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showing results for: February, 2007

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  • Joe Biden's Obama moment, or, I love it when you talk white to me

    When Joe Biden characterized Barack Obama to the New York Observeras “the first mainstream African-American who is articulate,” he revealed the kind of linguistic prejudice that too often passes for acceptable in white America.  

    Biden made this remark about his Senate colleague in an interview in which he disparaged his other rivals for the Democratic presidential nomination as having a position on Iraq that is “nothing but disaster” (Hillary Clinton) and not knowing “what the heck he’s talking about” (John Edwards).  Calling Obama well-spoken as well as “bright and clean and a nice-looking guy” didn’t seem so bad in comparison. 

    But it was the Obama moment, not the other insults, that threatened to derail Biden’s candidacy, because it revealed an insensitivity both subtler and in some ways more pernicious than Virginia Senator George Allen’s use of macaca, an overt slur which contributed to Allen’s defeat in the last election. 

    Jesse Jackson was quick to remind Biden that Obama is hardly the first mainstream African American politician to be intelligent and rhetorically-accomplished, and Al Sharpton added that Obama is not even the first to bathe daily.   

    But Biden wasn’t just alluding to Obama’s rhetorical skill in his remarks.  What he also meant was, Obama has become a media darling because he sounds white.  The subtext of Biden’s message is this: “Talk white, like me, and maybe, just maybe, I’ll listen, but not till after I get over my initial shock that you can actually look black but sound white.”  That’s just not a politically astute way to talk about a colleague, and it’s also not linguistically accurate.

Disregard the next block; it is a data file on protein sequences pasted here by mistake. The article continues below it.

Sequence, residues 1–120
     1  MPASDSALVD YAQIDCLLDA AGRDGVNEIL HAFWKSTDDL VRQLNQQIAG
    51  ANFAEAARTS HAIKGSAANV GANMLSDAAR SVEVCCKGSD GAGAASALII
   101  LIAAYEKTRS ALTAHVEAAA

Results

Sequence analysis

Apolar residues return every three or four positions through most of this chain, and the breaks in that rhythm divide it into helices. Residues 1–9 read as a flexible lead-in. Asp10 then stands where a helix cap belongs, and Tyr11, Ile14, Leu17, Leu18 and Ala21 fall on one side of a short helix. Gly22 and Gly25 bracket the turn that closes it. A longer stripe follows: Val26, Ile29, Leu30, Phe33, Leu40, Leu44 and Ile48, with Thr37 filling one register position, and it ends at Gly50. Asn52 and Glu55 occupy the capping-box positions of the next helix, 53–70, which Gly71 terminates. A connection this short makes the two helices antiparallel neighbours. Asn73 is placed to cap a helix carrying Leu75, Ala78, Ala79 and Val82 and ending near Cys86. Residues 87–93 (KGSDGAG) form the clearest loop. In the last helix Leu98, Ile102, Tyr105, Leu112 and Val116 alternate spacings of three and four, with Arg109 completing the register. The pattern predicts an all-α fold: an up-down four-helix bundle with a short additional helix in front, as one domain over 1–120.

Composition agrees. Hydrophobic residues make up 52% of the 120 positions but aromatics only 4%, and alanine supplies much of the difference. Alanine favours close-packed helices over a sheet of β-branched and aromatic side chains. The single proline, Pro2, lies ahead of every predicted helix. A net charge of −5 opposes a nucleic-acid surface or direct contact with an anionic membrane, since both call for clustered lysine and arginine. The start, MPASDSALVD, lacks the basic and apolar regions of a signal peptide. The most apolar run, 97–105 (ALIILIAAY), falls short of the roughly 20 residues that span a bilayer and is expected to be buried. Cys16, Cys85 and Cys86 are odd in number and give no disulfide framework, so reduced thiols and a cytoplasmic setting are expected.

A popular radio commercial used to warn, “People judge you by the words you use.”  The product it was advertising, a vocabulary-building tape designed to help people use more impressive words, assumed that there’s a right way and a wrong way to talk.  Most people would agree, but Sen. Biden and many other mainstream Americans all too frequently assume as well that the right way is the white way.

    Biden’s assumption is wrong.  Not all whites sound alike.  White southerners talk one way, white hillbillies, another.  White senators from Massachusetts may be easy to spot by their pronunciation; those from the Midwest are hard to spot because we think they have no accent.  And Yale-educated white Texans are in a class by themselves. 

    Not all African Americans sound alike either.  Some sound like Barack Obama.  Others don’t.  But like all the other groups in American society, whether African Americans are successful or ordinary, highly-educated or school drop outs, they speak varieties of English that follow orderly grammatical rules and patterns, that are rich with history, humor, and creativity, and that readily adapt to new circumstances in order to express everything that the people using them need to express. 

    But Joe Biden didn’t just underestimate the varieties of African American speech.  He was wrong as well to think that language is either black or white, by which I mean it’s not primarily a racial, phenomenon, but a social one.  That’s why there are blacks who sound white and whites who sound black, Asians who sound Hispanic and Africans who sound like Old Etonians. 

    And language isn’t simply black or white in the sense of being right or wrong, either.  Whatever variety of English you speak won’t guarantee that you’ll be well-spoken or a mumbler, rhetorically skilled or monotonous, correct in your facts and assumptions or incorrect, quick-witted or prone, like Joe Biden, to hasty speech that reveals a little too much about what you really think.  Because as voters know but politicians too often forget, people judge you by the words you use.

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